I wrote another letter to William Lane Craig
After my last post, I bopped over to Craig's website Reasonablefaith.org, and used his Q&A box to send him a question challenging his views on objective morality. If I get a response, I'll publish it on this blog, though I doubt I will. Here's the text of the letter:
My question concerns your argument for objective morality. Your argument is as follows:
1. If God does not exist, objective morality does not exist
2. Objective morality exists
3. Therefor, God exists.
If we assume that morality is "objective", why must its objectivity be necessarily derived from "God"? Why couldn't morality be intrinsically objective, or, if it need derive its objectivity from some extrinsic source, can its objectivity not be derived from a natural cause, or from one of any infinite number of arbitrary supernatural causes?
Secondly, your assumption that morality is "objective" seems rooted in the idea that we have shared intuitions about what is right and wrong. However, intuitions, even those we share with others, are by definition subjective experiences. Objectivity implies the ability to verify something independently of subjective experience.
Surely our intuitions give us a great deal of invaluable information about the world. But anyone who's studied the weirdness of quantum mechanics or general relativity knows that intuition alone is insufficient to objectively acquire knowledge – which is why we have science, which is the systematic acquisition of knowledge through observation, measurement and experimentation.
If morality is objective and derived from God, then it should be absolute – fixed and unchanging. But that is not what we observe throughout human culture, and it's not even what we observe in the Bible.
In the Bible, God commands genocide, condones slavery, and commands that women be stoned to death if they don't have a hymen on their wedding night or they do not cry out for help when they are raped (Deut 22). Are there any *easier* moral questions than "should people own people", "should people systematically slaughter other people", or "should we execute women for having a torn hymen or for being raped"? And yet, the God of the Bible gets the answers to these questions completely backwards.
In your critique on the slaughter of the Canaanites in a previous Q&A, you provide what you believe to be ample circumstantial justification for God commanding the Isrealites to commit genocide and child murder. Well, you can't have it both ways; you cannot claim God's morality is absolute, then paradoxically assert that such atrocities of inhumanity as genocide, slavery and the barbaric execution of rape victims are circumstantially justified. Most tellingly, when you assume that position, you invalidate your argument that our moral intuitions can be objectively reliable; for if God can command us to do things that are intrinsically *counter* to our moral intuitions – like stone rape victims and slaughter children – then we must assume that either God is wrong, or that our moral intuitions are objectively unreliable.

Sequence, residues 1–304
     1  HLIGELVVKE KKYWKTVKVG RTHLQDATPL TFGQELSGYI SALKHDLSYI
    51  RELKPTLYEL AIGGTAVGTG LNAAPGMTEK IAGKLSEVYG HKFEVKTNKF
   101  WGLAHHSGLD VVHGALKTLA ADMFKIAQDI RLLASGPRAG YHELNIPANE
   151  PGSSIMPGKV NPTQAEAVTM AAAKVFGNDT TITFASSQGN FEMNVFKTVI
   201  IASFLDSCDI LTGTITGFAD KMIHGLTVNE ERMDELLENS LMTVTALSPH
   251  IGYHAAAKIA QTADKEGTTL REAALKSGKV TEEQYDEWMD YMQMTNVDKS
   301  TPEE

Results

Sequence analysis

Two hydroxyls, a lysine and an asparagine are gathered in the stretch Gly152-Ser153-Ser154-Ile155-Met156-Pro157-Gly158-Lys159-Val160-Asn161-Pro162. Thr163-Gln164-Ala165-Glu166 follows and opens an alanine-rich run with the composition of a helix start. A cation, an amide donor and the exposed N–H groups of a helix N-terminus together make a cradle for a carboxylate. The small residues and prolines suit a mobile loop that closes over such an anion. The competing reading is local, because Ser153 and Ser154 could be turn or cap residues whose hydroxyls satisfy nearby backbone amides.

Why cannot morality be better explained as a sociocultural manifestation of behaviors that are evolutionarily hard-wired, particularly traits that are not unique to humans, such as empathy and altruism? We are, as a species, innately bonded and interdependent. If we fail to cooperate, we die. Cooperative group living is, for us, not a choice, but a survival strategy. We implicitly recognize the value of human solidarity: that if we do not respect the needs and interests of others, others have no need to respect our own needs and interests.
Such a view of morality is wholly consistent with scientific observation, and avoids both the paradoxical absolutism you espouse and the nihilism you erroneously associate with moral relativism.
I understand you will not likely have the time or inclination to respond, but I do appreciate that you provide a forum for inquiry on your website, and for giving me the opportunity to challenge you.